TechCrunch: Aclima and Google release a new air quality data set for researchers to investigate California pollution

TechCrunch: Aclima and Google release a new air quality data set for researchers to investigate California pollution. “As part of the Collision from Home conference, Aclima chief executive Davida Herzl released a new data set made in conjunction with Google. Free to the scientific community, the data is the culmination of four years of data collection and aggregation resulting in 42 million air quality measurements throughout the state of California.”

Centers for Medicare & Medicaid Services: Medicare COVID-19 Data Release Blog

Centers for Medicare & Medicaid Services: Medicare COVID-19 Data Release Blog. “Today, the Centers for Medicare & Medicaid Services (CMS) released preliminary data on COVID-19 derived from Medicare claims. The data provides a highly instructive picture of the impact of COVID-19 on the Medicare population, further confirming a number of long understood patterns in the disease such as the elevated risk for seniors with underlying health conditions.”

CNET: Your face mask selfies could be training the next facial recognition tool

CNET: Your face mask selfies could be training the next facial recognition tool. “Your face mask selfies aren’t just getting seen by your friends and family — they’re also getting collected by researchers looking to use them to improve facial recognition algorithms. CNET found thousands of face-masked selfies up for grabs in public data sets, with pictures taken directly from Instagram.”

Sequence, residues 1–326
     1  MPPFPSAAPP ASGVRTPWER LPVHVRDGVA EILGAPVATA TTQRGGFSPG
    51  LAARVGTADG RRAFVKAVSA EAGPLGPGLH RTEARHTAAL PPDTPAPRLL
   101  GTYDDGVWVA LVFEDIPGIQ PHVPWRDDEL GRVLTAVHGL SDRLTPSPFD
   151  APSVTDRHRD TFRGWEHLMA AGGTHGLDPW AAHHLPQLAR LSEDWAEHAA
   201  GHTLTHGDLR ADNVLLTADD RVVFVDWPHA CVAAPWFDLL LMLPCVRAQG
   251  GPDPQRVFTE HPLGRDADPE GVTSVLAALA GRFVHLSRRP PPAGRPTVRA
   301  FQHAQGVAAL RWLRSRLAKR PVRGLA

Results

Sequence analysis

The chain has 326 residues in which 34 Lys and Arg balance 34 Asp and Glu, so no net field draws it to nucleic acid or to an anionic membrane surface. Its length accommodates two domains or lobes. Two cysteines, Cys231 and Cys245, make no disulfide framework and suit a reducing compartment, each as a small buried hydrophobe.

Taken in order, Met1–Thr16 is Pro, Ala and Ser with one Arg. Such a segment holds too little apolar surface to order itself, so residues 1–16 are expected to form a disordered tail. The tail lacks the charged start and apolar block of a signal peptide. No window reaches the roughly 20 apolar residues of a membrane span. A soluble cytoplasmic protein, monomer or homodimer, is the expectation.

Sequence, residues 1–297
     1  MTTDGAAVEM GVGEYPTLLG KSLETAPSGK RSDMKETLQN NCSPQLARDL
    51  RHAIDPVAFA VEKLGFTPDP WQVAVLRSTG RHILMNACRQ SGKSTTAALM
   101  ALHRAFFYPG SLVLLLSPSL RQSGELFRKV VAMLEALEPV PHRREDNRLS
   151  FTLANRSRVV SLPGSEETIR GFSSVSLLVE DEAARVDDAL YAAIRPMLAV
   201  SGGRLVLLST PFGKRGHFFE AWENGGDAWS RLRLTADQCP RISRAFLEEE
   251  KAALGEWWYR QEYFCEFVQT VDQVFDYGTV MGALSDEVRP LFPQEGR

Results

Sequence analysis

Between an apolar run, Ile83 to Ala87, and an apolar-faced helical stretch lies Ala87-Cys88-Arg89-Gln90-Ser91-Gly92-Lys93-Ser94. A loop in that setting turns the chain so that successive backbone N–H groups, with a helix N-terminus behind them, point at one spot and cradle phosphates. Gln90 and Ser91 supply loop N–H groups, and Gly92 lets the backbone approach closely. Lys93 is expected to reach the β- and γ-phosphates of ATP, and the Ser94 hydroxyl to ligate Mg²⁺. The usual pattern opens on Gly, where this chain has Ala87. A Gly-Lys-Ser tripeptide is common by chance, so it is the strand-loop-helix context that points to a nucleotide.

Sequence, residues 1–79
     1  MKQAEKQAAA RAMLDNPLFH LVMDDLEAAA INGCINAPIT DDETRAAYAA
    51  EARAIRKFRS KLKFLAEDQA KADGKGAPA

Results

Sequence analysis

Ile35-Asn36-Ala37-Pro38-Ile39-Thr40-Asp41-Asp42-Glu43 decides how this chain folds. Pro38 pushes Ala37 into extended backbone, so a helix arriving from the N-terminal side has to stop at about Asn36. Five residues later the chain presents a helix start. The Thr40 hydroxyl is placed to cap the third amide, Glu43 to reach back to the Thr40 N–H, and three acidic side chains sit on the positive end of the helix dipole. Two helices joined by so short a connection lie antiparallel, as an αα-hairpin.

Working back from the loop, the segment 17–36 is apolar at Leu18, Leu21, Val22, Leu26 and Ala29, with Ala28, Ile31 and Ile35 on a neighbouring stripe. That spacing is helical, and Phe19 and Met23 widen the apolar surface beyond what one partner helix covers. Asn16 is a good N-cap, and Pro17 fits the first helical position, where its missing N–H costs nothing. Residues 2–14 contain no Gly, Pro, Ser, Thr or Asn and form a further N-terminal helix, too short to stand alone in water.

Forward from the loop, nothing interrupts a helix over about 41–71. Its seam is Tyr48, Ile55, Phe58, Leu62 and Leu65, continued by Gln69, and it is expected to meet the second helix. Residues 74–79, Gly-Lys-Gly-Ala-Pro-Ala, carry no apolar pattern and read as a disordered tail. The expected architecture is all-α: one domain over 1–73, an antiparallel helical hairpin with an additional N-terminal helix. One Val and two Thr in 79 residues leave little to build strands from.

Berkeley Haas: Open-source smartphone database offers a new tool for tracking coronavirus exposure

Berkeley Haas: Open-source smartphone database offers a new tool for tracking coronavirus exposure. “The Covid-19 Exposure Indices, created by Berkeley Haas Asst. Prof. Victor Couture and researchers from Yale, Princeton, the University of Chicago, and the University of Pennsylvania in collaboration with location data company PlaceIQ, is aimed at academic investigators studying the spread of the pandemic. The data sets allow researchers to visualize how people can potentially be exposed to those infected with the virus, based on cell-phone movements to and from businesses and other locations where a great deal of the exposure happens.”

FierceBiotech: Life science companies combine to form COVID-19 research database

FierceBiotech: Life science companies combine to form COVID-19 research database. “A group of major CRO, life science, data analytics, publishing and healthcare companies joined forces to release a pro bono research database to build up and integrate a central hub on the latest data out for COVID-19. On the technical side, it’s a secure repository of HIPAA-compliant, de-identified and limited patient-level data sets that will be ‘made available to public health and policy researchers to extract insights to help combat the COVID-19 pandemic,’ according to the group.”